plus 20 % additional to keep DAL out of BK. Eating through way too much cash, some put it at 2 million - 3 million A DAY!!!!!! Time to cough up those RAISES while others are being terminated.
"I'm sorry that the likes of you had to ruin it for everyone."
For "everyone"! A bit overstated and overdramatic isn't it. Your statement borders on the hysterical. Pop a lithium and relax!
"SAGE was one of the most remarkable engineering and computer-related feats of the Cold War; it provided for nationwide communication and air surveillance, and was also the p r e c u r s o r to another very important child of the Cold War: the I n t e r n e t ."
You just don't get it do you?
First, that's not the link you gave me. I guess you can find anyone on the Internet who is willing to state what you believe as true. The information you quoted creates a tenuous link to your argument, at best. It still did NOT say "SAGE was the precursor to the Internet" - that's an inference you made by your opinion that "it sounds like that to me". Back in the day, it was pure bliss when the Internet was only inhabited by intelligent, academic types. I'm sorry that the likes of you had to ruin it for everyone. It was bound to happen someday, I guess. Luckily those of us involved with the Internet2 project have such a respite again, albeit temporary.
Second, SAGE and today's Internet are not closely related. ARPAnet was the basis for today's Internet! Not SAGE! If I wanted to make a silly argument, I could say "well, ENIAC was the basis for SAGE at some point, so ENIAC must have been the precursor to the Internet." You probably won't understand the analogy, but you would counter with something inane such as "the abacus came before ENIAC, so IT was the precursor to the Internet..."
The fact remains that ARPAnet formed the basis of today's Internet. Since you continue to incorrectly profess otherwise, there is no point in arguing with you any further. I suggest you study history a little more closely before making such claims!
You have been added to the killfile.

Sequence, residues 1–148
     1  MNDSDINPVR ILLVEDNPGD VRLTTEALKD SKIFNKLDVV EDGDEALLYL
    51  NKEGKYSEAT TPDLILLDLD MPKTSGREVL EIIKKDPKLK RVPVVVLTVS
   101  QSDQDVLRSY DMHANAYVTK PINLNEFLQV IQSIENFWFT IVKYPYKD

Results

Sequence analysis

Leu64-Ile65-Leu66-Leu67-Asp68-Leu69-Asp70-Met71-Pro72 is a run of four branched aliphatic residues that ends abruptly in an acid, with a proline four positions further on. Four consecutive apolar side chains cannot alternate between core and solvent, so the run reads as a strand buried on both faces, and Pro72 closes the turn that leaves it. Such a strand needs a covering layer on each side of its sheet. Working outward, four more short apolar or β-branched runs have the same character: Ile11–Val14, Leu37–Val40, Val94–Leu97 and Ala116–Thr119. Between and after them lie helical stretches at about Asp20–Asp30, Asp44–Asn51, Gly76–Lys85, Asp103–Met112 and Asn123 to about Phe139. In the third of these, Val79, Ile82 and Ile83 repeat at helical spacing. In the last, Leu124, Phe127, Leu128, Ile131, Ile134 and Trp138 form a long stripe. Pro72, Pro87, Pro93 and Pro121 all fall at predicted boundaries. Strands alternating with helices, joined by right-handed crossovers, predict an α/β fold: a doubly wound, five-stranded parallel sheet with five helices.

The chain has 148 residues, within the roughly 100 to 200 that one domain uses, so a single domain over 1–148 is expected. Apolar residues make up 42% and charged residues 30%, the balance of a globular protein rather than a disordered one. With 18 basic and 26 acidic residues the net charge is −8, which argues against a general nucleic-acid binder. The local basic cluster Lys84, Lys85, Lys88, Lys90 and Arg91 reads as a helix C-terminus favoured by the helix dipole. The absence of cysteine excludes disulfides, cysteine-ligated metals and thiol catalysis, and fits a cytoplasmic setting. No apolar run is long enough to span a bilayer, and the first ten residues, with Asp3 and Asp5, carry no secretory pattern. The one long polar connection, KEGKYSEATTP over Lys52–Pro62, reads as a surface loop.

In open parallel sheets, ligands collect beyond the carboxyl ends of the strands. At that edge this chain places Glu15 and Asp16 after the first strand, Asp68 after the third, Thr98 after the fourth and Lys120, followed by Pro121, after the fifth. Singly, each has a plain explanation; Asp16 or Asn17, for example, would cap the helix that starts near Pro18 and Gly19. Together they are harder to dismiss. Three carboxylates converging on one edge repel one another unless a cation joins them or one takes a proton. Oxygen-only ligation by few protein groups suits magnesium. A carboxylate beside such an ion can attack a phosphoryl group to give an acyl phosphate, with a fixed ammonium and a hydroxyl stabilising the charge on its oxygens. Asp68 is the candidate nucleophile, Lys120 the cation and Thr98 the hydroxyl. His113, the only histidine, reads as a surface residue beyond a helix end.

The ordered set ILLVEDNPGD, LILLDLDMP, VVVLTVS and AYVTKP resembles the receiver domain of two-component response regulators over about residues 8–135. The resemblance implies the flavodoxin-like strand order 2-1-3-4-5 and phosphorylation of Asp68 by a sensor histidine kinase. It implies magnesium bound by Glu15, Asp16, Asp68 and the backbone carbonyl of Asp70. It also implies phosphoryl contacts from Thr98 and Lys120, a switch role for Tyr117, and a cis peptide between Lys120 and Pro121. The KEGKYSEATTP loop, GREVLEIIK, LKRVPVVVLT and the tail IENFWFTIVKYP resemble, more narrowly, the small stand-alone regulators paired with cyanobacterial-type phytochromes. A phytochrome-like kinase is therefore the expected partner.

"...It also pioneered some of the most of the important technology used to facilitate internet processing today: i.e., the modem, the mouse [light gun], multi-tasking, array processing, computer learning, fault detection, magnetic memory, and interactive computer graphics. Most important, it worked well enough for each center to coordinate about 100 operators, track 300 simultaneous flights, control numerous sorties against a maneuvering radar-jamming "enemy", and coordinate "friendly" NIKE and Bomarc defenses."
Sure sounds like the precursor to the internet
"The SAGE research teams for the first time focused their effort on design of human computer interfaces that could quickly analyze data and display it on computer screens, react to light pen interaction in real time, and automatically suggest alternate courses of action based on the development of a particular situation. These experiences convinced a lot of people of the practical potential for enhanced computer interfaces, most notably Joseph Licklider, who worked on SAGE, and later became the first Director of the IPTO where he initiated the research that led to creation of the ARPANET."
Must be that "reading" thing. Try reading my post again. I stand by my assertion that ARPAnet was the precursor of today's Internet, like I have already stated. "SAGE" was a military system not related to today's Internet. The Internet grew from ARPAnet, not SAGE. Where on that site does it claim otherwise? I didn't find it.
"My, my window, stomp your feet and throw a fit.
"I'm the one asking the questions here." Aren't you the little brat?"
Wrong again. I find it amazing how you are able to make broad inferences about someone's attitudes based on what they post. Talk about sweeping generalizations.
Although it's true that 'you' are supposed to be answering 'me', I'll humor you on this.
I'm not sure what this "NARPAnet" is that you are referring to. Sure you have that right?
ARPAnet (later, DARPAnet) was the beginning of the Internet as we know it today. The first ARPAnet research didn't begin until 1965. There was no "Internet" (distributed, robust computing) precursor in 1963, but I admire your effort. In 1962, the RAND corporation began research on robust networking. In fact, the first 4 ARPAnet servers (hardware and software) making up the system that became today's Internet were not deployed until 1969 at various universities.
I realize I have just given you the answers, but such is life. Someone had to prove you wrong.